Supreme Court won't hear appeal in Ugo Fredette double-murder case

·2 min read
Ugo Fredette was found guilty of first-degree murder in the deaths of his ex-spouse, Véronique Barbe, and Yvon Lacasse, a man he killed at a rest stop to steal his vehicle. (Facebook - image credit)
Ugo Fredette was found guilty of first-degree murder in the deaths of his ex-spouse, Véronique Barbe, and Yvon Lacasse, a man he killed at a rest stop to steal his vehicle. (Facebook - image credit)

The Supreme Court of Canada will not be hearing an appeal in the case of Ugo Fredette, who was found guilty on two counts of first-degree murder for 2017 killings that triggered one of the longest Amber Alerts in the province's history.

A jury found Fredette guilty in October 2019 of first-degree murder in the death of his ex-spouse, Véronique Barbe, and in the case of Yvon Lacasse — a man he killed at a rest stop to steal his vehicle.

Fredette had fled the scene of Barbe's murder with a six-year-old child, triggering an Amber Alert, one of the longest in the province's history, and later, killed Lacasse while on the run.

He was arrested the next day in Ontario, and Lacasse's body was later found near the town of Arundel, Qc. The child was unharmed.

Fredette was sentenced to life in prison without possibility for parole for 25 years.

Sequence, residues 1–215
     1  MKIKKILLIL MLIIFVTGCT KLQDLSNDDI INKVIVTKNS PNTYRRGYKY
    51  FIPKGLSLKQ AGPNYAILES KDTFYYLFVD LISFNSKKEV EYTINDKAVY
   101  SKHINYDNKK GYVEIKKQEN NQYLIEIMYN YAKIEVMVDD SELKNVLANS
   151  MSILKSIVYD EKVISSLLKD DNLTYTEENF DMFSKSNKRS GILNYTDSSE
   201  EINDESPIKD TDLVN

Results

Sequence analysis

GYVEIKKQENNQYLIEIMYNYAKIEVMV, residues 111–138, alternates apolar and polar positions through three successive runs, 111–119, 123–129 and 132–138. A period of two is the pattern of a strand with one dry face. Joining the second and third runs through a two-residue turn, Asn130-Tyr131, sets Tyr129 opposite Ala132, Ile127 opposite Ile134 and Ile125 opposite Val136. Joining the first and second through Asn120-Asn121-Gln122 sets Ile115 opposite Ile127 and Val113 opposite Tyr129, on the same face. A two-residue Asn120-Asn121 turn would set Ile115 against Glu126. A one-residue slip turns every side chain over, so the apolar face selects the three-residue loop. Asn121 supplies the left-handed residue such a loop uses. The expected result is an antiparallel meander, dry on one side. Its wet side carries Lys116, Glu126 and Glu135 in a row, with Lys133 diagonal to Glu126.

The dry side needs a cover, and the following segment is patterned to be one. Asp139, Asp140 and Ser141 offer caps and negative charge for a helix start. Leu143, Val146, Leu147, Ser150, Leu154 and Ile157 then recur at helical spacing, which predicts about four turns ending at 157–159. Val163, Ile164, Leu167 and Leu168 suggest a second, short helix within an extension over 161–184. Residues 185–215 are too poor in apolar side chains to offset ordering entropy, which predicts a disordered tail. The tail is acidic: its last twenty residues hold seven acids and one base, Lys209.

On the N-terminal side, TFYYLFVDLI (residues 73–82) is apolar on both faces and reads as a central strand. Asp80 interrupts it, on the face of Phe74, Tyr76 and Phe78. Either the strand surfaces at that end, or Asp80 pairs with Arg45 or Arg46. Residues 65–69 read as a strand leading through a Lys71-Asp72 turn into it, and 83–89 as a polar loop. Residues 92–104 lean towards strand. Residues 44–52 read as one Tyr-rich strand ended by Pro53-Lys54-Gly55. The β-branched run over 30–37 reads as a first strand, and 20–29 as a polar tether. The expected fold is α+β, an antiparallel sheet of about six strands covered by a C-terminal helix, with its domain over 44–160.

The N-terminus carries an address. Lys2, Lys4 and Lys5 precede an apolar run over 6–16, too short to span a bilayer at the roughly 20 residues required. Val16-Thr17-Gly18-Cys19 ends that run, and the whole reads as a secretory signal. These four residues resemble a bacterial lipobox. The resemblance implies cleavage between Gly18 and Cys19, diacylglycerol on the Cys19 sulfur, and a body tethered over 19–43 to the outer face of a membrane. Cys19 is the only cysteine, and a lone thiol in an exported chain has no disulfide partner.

However, he appealed the verdict, claiming that Superior Court judge Myriam Lachance had not properly instructed the jury.

To be found guilty of the first-degree murder of Barbe, the jurors had to unanimously conclude that he had harassed or kidnapped her, or both. In Lacasse's case, they had to conclude that the murder was either premeditated, or that the killer had already taken the child and was on the run when the man was killed.

Jury members did not have to be unanimous on which factor led them to their decision.

Fredette's lawyers argued that the jurors should have had to be unanimous on how they arrived at first-degree murder. They argued that there wasn't "overwhelming" evidence pointing to the aggravating circumstances that led up to the crimes.

The lawyers argued that a divided jury on the question could have led to an acquittal.

However, Quebec's Court of Appeal concluded that the judge had made no error. It ruled that the jury did not have to agree on all the circumstances and aggravating factors as long as they were unanimous that there were factors that led them to believe Fredette was guilty of first-degree murder.

Fredette's lawyers then attempted to appeal the decision at the Supreme Court, which was dismissed, officially exhausting his legal options to appeal the verdict.

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